The lack of progress toward a peace agreement between Israel and the Palestinians is an exception to the old saying that success has many fathers but failure is an orphan. The inability to resolve a struggle dating back to 1948 has many fathers and many causes, from the refusal of Israel's Arab neighbors to accept the existence of a Jewish state to Palestinian terrorism to the embrace of the Arab cause by the former Soviet Union as a counterweight to the U.S.-Israeli alliance.
Another obstacle is the proliferation of Jewish settlements on the West Bank of the Jordan River since Israel occupied it in 1967 in one of a series of Arab-Israeli wars. Now, as he prepares to leave office under a legal cloud, Israeli Prime Minister Ehud Olmert has reiterated his view that a stable peace requires the dismantlement of most settlements. "The decision we are going to have to make is a decision we have been refusing for 40 years to look at open-eyed," he told an Israeli newspaper. "The time has come to say these things. The time has come to put them on the table."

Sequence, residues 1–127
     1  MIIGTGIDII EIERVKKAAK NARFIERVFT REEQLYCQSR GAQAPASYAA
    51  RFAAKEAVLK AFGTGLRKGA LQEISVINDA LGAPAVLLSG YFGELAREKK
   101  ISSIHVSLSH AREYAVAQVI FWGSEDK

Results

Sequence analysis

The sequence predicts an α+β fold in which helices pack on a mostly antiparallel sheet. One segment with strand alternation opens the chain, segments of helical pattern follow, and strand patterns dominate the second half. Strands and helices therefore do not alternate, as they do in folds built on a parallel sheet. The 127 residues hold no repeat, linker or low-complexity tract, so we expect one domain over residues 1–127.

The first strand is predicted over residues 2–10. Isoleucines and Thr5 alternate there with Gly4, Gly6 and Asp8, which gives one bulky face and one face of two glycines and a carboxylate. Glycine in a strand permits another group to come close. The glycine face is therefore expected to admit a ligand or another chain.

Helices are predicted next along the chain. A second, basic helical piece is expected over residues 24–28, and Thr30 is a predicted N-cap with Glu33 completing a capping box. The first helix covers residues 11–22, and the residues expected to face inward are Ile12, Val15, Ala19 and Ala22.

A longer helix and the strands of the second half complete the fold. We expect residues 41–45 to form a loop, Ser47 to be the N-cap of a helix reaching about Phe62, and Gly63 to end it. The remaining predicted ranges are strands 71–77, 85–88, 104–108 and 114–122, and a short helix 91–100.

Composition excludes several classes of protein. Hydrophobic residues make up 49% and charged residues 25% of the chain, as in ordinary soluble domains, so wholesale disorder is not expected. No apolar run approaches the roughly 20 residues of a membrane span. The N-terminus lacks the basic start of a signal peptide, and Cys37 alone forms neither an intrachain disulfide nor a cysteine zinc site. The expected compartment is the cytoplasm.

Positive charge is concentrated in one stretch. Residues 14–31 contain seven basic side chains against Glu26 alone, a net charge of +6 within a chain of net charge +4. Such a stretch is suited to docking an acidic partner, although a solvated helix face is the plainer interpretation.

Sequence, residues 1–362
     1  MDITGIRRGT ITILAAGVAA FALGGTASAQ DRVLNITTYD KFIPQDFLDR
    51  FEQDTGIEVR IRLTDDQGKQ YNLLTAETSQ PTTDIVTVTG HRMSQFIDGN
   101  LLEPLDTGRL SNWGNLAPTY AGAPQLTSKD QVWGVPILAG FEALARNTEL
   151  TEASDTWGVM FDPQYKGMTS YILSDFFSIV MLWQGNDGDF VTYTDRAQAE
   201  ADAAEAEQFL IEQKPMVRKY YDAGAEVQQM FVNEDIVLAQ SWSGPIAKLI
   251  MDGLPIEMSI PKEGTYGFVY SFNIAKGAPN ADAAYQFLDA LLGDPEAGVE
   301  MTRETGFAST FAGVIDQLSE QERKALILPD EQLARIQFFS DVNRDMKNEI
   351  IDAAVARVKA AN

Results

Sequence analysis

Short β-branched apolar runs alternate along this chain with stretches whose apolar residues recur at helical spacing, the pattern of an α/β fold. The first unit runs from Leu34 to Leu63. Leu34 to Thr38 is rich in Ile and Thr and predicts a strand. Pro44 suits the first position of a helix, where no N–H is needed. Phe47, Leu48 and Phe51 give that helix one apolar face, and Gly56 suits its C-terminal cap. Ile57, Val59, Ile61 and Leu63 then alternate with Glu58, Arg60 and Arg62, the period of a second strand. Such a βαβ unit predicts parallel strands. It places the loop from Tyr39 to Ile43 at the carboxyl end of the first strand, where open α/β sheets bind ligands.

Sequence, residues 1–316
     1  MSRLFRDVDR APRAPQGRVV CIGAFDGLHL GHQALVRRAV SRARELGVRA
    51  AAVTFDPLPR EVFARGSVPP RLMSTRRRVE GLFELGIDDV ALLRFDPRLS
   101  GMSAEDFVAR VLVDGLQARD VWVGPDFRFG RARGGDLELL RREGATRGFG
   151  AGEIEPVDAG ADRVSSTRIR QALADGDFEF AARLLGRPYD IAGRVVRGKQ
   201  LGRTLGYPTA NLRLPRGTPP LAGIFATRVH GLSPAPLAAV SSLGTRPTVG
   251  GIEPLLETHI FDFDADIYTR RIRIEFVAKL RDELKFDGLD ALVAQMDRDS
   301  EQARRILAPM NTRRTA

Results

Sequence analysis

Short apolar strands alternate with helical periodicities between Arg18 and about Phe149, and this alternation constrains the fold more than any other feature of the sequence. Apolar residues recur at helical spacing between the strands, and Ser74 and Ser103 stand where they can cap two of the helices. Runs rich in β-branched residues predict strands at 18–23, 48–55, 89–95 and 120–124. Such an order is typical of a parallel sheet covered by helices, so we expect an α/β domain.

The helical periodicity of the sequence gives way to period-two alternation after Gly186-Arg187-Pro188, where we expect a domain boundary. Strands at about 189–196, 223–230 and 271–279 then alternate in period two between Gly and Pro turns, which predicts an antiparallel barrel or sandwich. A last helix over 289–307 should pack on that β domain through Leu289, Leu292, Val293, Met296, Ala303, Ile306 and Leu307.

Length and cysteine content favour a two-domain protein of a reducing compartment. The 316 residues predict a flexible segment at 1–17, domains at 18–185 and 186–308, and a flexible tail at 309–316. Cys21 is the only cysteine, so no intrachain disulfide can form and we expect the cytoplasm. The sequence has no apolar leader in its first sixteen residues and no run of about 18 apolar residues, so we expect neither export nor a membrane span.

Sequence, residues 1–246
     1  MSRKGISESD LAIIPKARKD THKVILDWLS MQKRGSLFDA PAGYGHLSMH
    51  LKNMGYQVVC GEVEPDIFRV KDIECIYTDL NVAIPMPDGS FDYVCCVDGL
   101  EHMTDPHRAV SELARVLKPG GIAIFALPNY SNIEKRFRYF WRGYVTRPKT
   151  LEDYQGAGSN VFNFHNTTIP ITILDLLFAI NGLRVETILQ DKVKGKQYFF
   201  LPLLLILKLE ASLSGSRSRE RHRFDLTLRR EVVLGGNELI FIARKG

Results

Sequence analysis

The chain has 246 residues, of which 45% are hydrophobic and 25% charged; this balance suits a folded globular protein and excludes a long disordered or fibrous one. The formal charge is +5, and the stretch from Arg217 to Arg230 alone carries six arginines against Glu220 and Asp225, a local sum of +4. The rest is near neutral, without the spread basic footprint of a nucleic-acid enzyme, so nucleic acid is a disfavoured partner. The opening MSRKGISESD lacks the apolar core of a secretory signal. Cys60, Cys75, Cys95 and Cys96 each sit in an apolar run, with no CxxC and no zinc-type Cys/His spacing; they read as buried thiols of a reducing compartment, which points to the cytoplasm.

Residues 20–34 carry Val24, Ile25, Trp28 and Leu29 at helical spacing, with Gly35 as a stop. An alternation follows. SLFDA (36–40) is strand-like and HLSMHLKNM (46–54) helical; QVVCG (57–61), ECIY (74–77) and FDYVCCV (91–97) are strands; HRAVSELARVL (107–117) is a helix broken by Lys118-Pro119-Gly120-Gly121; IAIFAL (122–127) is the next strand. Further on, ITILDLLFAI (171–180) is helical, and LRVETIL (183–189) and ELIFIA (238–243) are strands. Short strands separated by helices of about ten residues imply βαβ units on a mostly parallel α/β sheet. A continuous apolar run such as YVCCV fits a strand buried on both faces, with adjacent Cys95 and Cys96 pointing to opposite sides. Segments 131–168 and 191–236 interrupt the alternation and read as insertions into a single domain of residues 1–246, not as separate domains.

Alas, Olmert's words can't atone for his inaction as prime minister to curb settlements in anticipation of the two-state solution he has endorsed. That goal, until recently not a priority of the Bush administration, has been pursued fruitlessly in recent years by the "quartet" of the United States, Russia, the European Union and the United Nations. Meanwhile, Jewish settlements have continued to grow. By one count, 290,000 Israelis live in the West Bank today, an increase of 30,000 since Olmert succeeded the ailing Ariel Sharon as prime minister in January 2006. That figure doesn't include settlements in East Jerusalem, also captured in 1967 and the hoped-for capital of a Palestinian state.